Individuals who have cars towed inside the Statesboro city limits will pay a little bit more to get their vehicles back thanks to a fee increase approved by the City Council on Tuesday.
The request was brought by Police Chief Mike Broadhead at the request of the wrecker companies that contract with the City of Statesboro, A&P Towing and GATA Towing. The request for an increase in the rates assessed by the two wrecker services stems from a state law which requires the local governing authority to set the rates based on a scale set by the state. Current rates, which have been in effect since November 2017, are below the maximum allowed by the State of Georgia, which prompted the request for the increase.
The maximum fees permitted would be as follows:
- Vehicles under 10,000 lbs would increase by $25 to ‘up to $175’ per tow
- Vehicles 10,001 -20,000 lbs would increase by $150 to ‘up to $300’ per tow
- 20,0001 lbs or greater would increase by $200 to ‘up to $450’ per tow
- 20,0001 lbs or greater COMBO would increase by $400 to ‘up to $850’ per tow
- Daily storage for vehicles under 10,000 lbs would increase by $10 to $25/day
- Daily storage for vehicles 10,001 -20,000 lbs would increase by $10 to $30/day
- Daily storage for vehicles 20,0001 lbs or greater would increase by $15 to $40/day
- Daily storage for vehicles 20,0001 lbs or greater COMBO would increase by $25 to $75/day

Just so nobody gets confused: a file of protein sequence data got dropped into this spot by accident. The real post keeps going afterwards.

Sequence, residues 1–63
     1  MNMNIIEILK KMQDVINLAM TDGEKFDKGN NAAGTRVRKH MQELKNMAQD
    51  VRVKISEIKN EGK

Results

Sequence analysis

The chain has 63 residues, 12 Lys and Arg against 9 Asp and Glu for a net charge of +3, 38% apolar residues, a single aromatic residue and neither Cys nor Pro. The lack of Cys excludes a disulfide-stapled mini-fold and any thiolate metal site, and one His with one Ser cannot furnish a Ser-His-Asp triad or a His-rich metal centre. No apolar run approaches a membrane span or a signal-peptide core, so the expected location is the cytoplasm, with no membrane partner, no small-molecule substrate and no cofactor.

For instances where the vehicle has been hooked but has not left the premises and the owner presents a key and removes the vehicle immediately:
- Fee is increased to ‘up to $100’ from $60 for vehicles 19,999 lbs or less
- Fee is increased to ‘up to $150’ from $100 for vehicles 20,000 lbs or more
- the after hours fee cap is increased from $25 to $50
Councilwoman Sherri Barr said during discussion that she had concerns about posts she had seen on social media about the wreckers targeting ‘beat up’ cars because they would have a harder time coming up with the fees and would subsequently be impounded for a longer period of time. She brought up concerns about any respective tow truck driver using their discretion to decide which car is towed.
Mayor Jonathan McCollar asked if it was known that the wrecker services were doing that or if it was just speculation, to which City Manager Charles Penny said he was not sure.
Chief Broadhead, however, said the city tries to eliminate the ability for a tow truck driver to use his or her discretion by requiring a manager or property owner to sign off on a tow from private property.
Councilman Phil Boyum asked if those forms were on record for verification to ensure that tows were authorized, which Broadhead confirmed was correct. He said there is a $1,000 fine for an unauthorized tow and the public can verify with the police department if there is any concern about whether or not a tow was lawful.
A motion to approve the measure was made by Riggs, seconded by Chavers, and the agenda item was approved unanimously.